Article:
“This was a revealing programme that managed to say much about a big problem.”


“This was a revealing programme that managed to say much about a big problem even from a schematic hour-long format following a handful of people cum case studies. Each was admirably honest and articulate.”
James Jackson, The Times

“This was a snapshot of a city in flux, where northern mills were being converted into hotels and investment properties for overseas billionaires. The four-part series will be a valuable social record, because these streets will change beyond recognition in the coming decade.”
Christopher Stevens, Daily Mail

“The stories of individual Mancunians affected by the city’s progress were often distressing. Ultimately, it became clear that the Mancunian miracle is likely to benefit the wealthy few, at the expense of the wider population.“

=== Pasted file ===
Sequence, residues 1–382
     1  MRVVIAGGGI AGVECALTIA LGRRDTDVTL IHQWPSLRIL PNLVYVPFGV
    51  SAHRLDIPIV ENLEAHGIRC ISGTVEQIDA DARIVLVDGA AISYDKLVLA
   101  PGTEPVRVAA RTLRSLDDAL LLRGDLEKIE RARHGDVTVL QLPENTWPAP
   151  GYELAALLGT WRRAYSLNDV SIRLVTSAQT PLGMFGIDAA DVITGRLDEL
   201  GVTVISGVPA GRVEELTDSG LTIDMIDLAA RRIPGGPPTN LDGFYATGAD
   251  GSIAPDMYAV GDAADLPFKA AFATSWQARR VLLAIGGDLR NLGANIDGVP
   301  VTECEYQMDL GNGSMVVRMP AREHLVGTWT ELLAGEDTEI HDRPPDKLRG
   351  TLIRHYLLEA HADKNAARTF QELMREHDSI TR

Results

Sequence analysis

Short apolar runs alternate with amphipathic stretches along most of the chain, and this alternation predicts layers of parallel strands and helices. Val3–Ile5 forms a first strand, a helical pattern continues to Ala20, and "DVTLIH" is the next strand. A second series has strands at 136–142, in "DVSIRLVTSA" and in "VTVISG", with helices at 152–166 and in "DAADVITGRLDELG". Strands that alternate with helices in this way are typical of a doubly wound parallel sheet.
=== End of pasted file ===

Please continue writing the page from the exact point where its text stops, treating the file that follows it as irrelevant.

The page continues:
Adam Sweeting, The i

“If the programme avoids the pitfalls of demonisation and sanctification, it perhaps does fall into the trap of focusing too narrowly on individual stories. The absence of specific information on which governments and policies got us to this place feels almost like a moral failure at this point.”
Lucy Mangan, The Guardian

“The returning This Farming Life felt, as always, as if it deserved a wide audience simply to remind the entire nation of the virtues of a dedicated can-do attitude to work and life. The measured pace of this unflashy series means it won’t appeal to everyone, perhaps, but as much as anything it succeeds by not having a presenter. It trusts in the farmers to speak for themselves where it so easily could have had Kate Humble ‘having a go’ at shearing a sheep or Anita Rani trying to ride an ostrich.”
James Jackson, The Times

“Clearly inspired by BBC1’s unexpected hit The Repair Shop, this show lacks the sentimental angle. Instead of waiting for clients to bring their much-loved heirlooms to him for restoring, Gary buys unloved junk at auctions and polishes it up to perfection. Filled with macho tools — angle grinders, jackhammers — this is a much more manly show, too. That meant less emphasis on the story behind the objects, and more shots of flying sparks.”
Christopher Stevens, Daily Mail